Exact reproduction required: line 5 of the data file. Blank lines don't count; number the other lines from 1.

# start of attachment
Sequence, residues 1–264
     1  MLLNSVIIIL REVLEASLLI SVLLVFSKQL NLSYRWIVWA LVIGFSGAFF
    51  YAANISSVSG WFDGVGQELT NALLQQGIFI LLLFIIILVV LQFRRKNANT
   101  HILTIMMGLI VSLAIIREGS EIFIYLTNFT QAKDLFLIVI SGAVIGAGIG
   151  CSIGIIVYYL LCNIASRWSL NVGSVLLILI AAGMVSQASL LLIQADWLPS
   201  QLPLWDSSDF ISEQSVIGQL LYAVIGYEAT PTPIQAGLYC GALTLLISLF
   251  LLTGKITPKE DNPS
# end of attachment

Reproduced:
   151  CSIGIIVYYL LCNIASRWSL NVGSVLLILI AAGMVSQASL LLIQADWLPS